By Justin Hall, Thu Apr 17 00:00:00 GMT 2003

Spam threatens mobile messaging worldwide, legislators take aim.

Internet-connected mobile devices create an environment where anyone can reach out and touch you. While these first few years of mobile living have been like sweet caresses from loved ones, the coming years could bring a series of continuous hard pokes from complete strangers.
Hook half the globe up to mobile mail they can read anywhere and you have the world's largest, most immediate market. Billions of consumers are forced to acknowledge any commercial summons the moment it arrives, wherever they are, whatever they're doing. Already, small businesses and some direct marketing firms have begun to send unsolicited commercial electronic email into the world's purses and pockets.
Lawmakers worldwide are vying to emerge as spam-vanquishing heroes. But the problem refuses to be easily solved, due to marketing industry concerns, technological ambiguities and it's just too damned easy to send.

Thin targets

Americans are the world's mobile messaging under-achievers. Americans still prefer to keep their fingers on the steering wheels of their giant cars, it seems, instead of thumbing up pithy messages for friends. This has made Americans a thin target thus far for mobile marketers.
Still there have been some folks eager to be the mobile equivalent of Cantor & Seigel, pioneering spam for a new medium. Instead, one company ended up pioneering effective spam-stopping lawsuits. Last year, Acacia National Mortgage, based in Phoenix, ran afoul of America's largest mobile phone service provider Verizon when they sent thousands of SMS messages to Verizon subscribers, on a near-daily basis. Fortunately some of these subscribers were in Colorado, a state with laws strictly detailing terms for commercial email. In particular, this law specifies that mass-marketing emails must have a valid, working means by which subscribers can remove themselves.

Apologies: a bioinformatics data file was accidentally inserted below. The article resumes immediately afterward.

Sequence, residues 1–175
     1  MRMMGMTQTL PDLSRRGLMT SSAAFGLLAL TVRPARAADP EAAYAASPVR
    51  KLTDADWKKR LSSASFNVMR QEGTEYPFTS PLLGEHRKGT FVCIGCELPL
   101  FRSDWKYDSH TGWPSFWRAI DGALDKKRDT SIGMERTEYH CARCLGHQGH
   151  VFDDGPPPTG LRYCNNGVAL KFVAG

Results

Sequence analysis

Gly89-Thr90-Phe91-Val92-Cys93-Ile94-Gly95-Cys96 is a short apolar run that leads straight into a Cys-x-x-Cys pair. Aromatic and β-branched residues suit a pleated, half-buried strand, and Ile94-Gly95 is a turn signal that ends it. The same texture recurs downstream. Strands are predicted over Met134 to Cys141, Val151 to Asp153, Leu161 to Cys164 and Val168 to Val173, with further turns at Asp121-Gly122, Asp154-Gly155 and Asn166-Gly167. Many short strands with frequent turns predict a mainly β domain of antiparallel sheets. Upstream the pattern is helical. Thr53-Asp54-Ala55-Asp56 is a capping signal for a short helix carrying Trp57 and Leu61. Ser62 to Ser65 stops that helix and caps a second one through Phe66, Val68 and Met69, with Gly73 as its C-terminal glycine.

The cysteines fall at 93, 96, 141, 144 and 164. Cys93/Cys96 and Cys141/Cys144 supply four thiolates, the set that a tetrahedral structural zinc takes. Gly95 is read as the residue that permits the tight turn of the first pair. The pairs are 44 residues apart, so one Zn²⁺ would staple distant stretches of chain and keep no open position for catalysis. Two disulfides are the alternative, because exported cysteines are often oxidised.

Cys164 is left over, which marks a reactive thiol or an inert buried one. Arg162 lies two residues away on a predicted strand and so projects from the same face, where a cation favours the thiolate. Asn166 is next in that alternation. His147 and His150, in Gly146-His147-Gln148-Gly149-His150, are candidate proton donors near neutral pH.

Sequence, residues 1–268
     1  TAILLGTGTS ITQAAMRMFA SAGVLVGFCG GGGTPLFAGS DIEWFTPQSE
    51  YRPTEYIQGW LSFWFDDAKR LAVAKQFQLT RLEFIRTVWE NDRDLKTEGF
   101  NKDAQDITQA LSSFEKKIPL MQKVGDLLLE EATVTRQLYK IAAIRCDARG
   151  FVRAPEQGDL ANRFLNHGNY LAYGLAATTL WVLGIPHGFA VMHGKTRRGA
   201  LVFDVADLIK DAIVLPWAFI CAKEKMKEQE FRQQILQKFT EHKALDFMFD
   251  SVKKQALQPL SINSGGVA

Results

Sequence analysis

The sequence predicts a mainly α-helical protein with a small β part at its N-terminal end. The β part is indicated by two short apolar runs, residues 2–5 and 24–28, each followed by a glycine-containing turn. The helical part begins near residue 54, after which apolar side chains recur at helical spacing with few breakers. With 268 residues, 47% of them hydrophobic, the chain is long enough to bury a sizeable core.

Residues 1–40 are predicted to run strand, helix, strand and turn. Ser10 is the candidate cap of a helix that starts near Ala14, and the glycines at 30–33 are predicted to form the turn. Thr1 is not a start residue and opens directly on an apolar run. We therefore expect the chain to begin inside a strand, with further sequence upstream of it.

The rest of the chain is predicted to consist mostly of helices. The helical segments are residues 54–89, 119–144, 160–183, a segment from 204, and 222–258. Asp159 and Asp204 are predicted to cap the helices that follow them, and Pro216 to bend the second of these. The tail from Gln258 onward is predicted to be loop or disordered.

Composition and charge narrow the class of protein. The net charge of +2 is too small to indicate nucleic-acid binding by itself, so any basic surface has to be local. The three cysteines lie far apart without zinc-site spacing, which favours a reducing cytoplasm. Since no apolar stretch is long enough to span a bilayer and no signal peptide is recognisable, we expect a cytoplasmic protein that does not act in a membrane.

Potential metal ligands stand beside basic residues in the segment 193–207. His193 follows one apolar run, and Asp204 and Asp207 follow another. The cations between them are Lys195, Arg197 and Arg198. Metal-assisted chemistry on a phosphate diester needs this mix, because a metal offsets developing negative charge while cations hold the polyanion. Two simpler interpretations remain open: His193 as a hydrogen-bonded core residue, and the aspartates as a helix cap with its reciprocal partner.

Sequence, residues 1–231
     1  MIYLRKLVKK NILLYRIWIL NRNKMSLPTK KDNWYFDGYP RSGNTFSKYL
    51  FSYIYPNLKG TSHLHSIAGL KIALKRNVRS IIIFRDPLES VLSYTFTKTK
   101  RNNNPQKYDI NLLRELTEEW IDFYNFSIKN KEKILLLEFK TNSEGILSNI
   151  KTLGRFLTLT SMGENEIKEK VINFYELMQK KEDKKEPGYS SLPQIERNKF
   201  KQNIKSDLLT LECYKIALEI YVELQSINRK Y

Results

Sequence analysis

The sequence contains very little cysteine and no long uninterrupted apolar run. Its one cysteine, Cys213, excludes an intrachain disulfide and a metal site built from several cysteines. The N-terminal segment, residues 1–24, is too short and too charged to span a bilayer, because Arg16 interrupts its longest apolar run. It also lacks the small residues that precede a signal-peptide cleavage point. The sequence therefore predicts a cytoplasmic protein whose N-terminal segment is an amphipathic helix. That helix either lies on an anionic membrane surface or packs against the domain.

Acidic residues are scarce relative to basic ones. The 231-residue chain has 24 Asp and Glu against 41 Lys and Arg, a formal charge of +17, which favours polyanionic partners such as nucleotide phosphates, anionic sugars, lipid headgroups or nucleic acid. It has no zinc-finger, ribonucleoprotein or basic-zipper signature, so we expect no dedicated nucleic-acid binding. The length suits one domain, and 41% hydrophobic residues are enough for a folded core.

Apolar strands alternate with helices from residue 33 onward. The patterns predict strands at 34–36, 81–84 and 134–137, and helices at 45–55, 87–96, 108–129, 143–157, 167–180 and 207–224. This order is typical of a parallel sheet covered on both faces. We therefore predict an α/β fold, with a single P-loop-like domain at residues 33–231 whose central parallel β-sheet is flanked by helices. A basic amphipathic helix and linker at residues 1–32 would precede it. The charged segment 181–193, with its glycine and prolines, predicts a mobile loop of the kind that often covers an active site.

But in spite of calls from Verizon, the mails from Acacia did not let up. Verizon filed a lawsuit and Acacia quickly settled, promising to cease the spam - a promising victory. But at least 20 of the United States that have unsolicited commercial email laws, and it doesn't seemed to have stopped the relentless tide of Internet spam.
Perhaps if the United States establishes strong national anti-spam laws for wireless messaging before the medium takes off, they can keep a tighter leash on rabid direct mailers. That's the logic behind legislation proposed by New Jersey congressman Rush Holt. The language is bold and straightforward: "to protect the privacy of wireless telephone subscribers, transmission of unsolicited commercial messages on wireless telephone text, graphic, and image messaging systems should be prohibited." Proposed in January, "HR113" is still working its way through congressional committees.
These efforts to limit unsolicited commercial email on one type of device beg interpretation. If I connect my mobile phone to my computer, does that make the incoming email mobile mail? What if someone spams an email account that I read through a web browser on my mobile phone?